DEAR ABBY: I am 19 and the mother of a 4-month-old son. I have a high school diploma and some vocational training. I was accepted into college after my high school graduation, but decided not to go away to school so I could stay with the man I love. Had I gone, I would be in my junior year.
Luckily for me, a local company took a chance and gave me a job where I earn fairly good money. However, if I could do it over again, I would go away to college and gain the credentials for a career with good financial prospects.
Because I speak from experience, I have something to say to parents: Try to have a close, honest relationship with your children. Educate them about sex. Stress how important abstinence is, but also teach them about birth control and how to use it effectively. Do not just tell them to "abstain"; explain WHY they should. My mother told me not to have sex. However, she didn't impress on me why I should wait. Now I have a child I'm struggling to take care of.
To young people, I say: Don't do what I did. Complete your education. Take some time growing up. Live a little before starting a family. Believe me, there's plenty of time to have children when you are mature.
I love my son, but it would have been better for both of us if I had waited until I was more mature and had finished my education. -- STRUGGLING IN GEORGIA
DEAR STRUGGLING: Once the rose-colored glasses come off, there's nothing like the clarity of 20-20 hindsight. I hope that parents and teen-agers will take your letter to heart. It contains some important truths.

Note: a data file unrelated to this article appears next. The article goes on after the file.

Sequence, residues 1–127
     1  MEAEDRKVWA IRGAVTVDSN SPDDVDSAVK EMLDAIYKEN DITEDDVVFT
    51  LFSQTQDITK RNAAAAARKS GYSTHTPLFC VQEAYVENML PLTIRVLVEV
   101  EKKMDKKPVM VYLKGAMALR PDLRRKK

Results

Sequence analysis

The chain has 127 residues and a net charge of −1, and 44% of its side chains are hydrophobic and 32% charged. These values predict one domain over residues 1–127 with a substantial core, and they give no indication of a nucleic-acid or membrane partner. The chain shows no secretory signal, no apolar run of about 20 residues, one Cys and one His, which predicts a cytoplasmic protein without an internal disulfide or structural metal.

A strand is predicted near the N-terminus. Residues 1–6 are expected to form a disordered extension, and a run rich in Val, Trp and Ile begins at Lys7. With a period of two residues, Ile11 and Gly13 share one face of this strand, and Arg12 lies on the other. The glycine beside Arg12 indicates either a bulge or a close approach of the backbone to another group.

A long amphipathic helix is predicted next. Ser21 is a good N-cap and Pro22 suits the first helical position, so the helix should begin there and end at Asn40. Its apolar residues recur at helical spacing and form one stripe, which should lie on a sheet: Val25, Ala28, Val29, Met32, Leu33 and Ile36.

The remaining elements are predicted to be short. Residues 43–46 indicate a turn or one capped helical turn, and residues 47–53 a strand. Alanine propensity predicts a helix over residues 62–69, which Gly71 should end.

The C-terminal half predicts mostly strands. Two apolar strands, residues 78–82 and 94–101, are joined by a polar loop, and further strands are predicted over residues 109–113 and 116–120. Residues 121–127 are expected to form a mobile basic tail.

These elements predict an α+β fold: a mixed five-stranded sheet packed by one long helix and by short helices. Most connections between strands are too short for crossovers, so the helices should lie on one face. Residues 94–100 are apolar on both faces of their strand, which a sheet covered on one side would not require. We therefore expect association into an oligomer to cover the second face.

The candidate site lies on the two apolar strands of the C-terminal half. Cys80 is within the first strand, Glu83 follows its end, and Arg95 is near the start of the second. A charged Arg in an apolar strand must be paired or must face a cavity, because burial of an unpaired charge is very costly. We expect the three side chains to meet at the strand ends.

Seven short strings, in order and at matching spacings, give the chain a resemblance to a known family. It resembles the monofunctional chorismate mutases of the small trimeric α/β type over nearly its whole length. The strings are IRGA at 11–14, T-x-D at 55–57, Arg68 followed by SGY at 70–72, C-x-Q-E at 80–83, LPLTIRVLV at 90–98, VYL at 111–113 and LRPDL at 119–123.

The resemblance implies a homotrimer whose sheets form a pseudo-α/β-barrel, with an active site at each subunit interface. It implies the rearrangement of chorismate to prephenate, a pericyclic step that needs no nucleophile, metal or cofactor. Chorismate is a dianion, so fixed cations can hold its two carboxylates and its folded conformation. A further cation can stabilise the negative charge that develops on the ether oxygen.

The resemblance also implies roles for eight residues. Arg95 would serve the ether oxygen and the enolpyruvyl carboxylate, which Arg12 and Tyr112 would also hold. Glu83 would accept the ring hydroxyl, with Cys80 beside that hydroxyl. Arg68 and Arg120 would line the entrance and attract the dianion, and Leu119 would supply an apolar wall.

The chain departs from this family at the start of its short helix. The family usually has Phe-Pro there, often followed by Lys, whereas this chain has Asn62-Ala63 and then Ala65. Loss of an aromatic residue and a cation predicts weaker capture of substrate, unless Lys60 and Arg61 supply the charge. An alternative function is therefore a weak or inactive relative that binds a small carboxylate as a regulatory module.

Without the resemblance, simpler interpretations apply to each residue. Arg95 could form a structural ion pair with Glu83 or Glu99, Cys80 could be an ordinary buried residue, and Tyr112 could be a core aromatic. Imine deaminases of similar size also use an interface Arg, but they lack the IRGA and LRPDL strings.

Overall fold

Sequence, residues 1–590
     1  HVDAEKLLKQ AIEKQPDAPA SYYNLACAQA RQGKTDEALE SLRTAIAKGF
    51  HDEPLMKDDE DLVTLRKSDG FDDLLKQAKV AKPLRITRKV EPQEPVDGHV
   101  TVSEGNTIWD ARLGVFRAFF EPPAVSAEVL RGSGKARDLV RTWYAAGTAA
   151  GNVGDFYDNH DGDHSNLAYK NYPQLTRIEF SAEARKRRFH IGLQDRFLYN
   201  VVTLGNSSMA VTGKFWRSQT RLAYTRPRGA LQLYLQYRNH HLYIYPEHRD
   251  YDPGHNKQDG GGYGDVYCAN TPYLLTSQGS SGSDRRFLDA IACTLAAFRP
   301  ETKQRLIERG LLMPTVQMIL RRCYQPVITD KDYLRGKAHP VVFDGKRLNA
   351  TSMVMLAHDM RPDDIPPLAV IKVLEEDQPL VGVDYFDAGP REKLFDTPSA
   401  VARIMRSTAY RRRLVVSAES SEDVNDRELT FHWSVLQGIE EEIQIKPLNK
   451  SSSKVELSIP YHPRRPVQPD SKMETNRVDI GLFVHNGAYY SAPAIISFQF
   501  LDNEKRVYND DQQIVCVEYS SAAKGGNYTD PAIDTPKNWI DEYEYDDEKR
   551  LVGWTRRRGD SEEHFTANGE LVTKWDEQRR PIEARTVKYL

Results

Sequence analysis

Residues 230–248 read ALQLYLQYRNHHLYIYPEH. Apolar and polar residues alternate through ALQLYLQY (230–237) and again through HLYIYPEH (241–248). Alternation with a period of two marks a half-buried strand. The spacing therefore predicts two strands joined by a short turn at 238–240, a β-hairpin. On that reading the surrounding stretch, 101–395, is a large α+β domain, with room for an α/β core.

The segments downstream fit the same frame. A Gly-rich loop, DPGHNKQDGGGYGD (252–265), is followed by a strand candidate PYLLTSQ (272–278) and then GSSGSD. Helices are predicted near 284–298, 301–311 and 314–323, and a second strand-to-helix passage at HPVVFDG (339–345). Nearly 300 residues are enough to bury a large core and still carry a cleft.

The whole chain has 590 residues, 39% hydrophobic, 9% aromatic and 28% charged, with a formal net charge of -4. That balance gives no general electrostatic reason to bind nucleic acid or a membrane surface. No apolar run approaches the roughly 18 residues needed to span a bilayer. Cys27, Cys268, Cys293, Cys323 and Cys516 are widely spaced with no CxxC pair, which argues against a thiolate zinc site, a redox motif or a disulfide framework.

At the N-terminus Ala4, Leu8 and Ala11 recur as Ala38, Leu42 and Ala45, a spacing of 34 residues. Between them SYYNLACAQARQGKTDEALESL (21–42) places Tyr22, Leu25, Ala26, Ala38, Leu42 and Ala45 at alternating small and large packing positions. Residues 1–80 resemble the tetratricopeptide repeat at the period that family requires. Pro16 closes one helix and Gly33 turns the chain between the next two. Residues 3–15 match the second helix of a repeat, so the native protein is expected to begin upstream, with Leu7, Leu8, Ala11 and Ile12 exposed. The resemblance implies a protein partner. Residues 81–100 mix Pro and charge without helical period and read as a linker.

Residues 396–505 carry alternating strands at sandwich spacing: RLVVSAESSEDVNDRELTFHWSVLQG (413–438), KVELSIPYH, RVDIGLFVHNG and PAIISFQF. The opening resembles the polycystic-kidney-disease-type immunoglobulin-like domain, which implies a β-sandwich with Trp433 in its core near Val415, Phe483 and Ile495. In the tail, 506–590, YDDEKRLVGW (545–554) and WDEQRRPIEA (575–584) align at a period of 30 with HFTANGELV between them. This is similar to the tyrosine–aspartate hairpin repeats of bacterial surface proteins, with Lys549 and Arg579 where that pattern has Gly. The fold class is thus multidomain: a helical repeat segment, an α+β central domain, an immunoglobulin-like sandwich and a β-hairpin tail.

DEAR ABBY: Friends of ours will soon celebrate their 30th wedding anniversary. Do you think it is appropriate for them to renew their wedding vows with my friend wearing a white gown, and having bridesmaids and groomsmen? They couldn't afford a formal wedding 30 years ago. -- JUST WONDERING IN IDAHO
DEAR WONDERING: Much depends upon the spirit of the event. Although an all-out celebration IS in order, to attempt to re-create a wedding that didn't take place 30 years ago, in my opinion, could possibly create more stress for friends and family than pleasure.
DEAR ABBY: I am 40, single and childless. I have many friends who are married with children. I have always been curious to know the protocol in my situation. I give birthday and holiday gifts to my friends, then find myself including a generic gift for the spouse and, of course, the child/children.
However, the value of what I receive and what I give is not equivalent. Although friendship has no price tag, I am confused as to whether I should give my friend a gift, and exclude her spouse and kids -- or what? -- WANTS A CLEAR CONSCIENCE
DEAR WANTS: There is no "protocol" in giving gifts to friends. You give what is in your heart and within your means, and receive what friends and family are able to give in return. However, if you provide gifts for three, four or five members of a family on birthdays and holidays, it makes sense that the one gift you receive should reflect that. If you're feeling shortchanged, this year exchange gifts only with your friends.
What teens need to know about sex, drugs, AIDS, and getting along with peers and parents is in "What Every Teen Should Know." To order, send a business-size, self-addressed envelope, plus check or money order for $3.95 ($4.50 in Canada) to: Dear Abby, Teen Booklet, P.O. Box 447, Mount Morris, IL 61054-0447. (Postage is included.)
4520 Main St., Kansas City, Mo. 64111; (816) 932-6600